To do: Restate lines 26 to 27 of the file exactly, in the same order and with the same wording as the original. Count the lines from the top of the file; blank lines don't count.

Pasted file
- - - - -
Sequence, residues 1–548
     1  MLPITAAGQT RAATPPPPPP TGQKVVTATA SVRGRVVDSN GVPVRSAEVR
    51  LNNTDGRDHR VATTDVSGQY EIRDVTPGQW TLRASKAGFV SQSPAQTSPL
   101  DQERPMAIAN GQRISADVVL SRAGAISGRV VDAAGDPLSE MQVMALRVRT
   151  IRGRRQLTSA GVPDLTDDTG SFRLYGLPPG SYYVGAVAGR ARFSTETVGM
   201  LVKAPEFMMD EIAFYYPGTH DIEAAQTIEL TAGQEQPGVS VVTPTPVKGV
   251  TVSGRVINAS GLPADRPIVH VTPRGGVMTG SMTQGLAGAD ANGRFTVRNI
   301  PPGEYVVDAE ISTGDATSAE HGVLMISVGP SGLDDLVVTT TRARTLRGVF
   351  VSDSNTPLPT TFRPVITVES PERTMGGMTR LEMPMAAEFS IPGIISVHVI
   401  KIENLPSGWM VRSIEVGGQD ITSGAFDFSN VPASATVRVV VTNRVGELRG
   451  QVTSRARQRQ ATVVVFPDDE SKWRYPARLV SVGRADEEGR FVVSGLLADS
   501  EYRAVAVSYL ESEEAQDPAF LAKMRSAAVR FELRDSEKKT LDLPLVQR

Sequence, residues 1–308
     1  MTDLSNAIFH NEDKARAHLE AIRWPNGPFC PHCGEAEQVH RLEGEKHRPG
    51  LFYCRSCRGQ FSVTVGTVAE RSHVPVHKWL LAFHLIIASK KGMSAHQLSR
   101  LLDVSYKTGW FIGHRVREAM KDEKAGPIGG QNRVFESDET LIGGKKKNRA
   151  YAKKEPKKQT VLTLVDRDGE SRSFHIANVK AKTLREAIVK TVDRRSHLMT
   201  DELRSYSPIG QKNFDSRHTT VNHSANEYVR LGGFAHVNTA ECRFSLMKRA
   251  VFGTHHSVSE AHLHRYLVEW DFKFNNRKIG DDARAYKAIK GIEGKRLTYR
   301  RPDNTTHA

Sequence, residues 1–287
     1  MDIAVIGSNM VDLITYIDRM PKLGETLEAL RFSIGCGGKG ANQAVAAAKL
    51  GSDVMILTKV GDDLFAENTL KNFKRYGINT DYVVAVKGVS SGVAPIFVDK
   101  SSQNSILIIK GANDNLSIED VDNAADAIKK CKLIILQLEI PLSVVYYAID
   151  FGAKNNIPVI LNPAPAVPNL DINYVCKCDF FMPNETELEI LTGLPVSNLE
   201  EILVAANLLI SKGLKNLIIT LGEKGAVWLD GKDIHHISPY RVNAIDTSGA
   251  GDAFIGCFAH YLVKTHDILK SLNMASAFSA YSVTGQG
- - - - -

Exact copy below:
   201  EILVAANLLI SKGLKNLIIT LGEKGAVWLD GKDIHHISPY RVNAIDTSGA
   251  GDAFIGCFAH YLVKTHDILK SLNMASAFSA YSVTGQG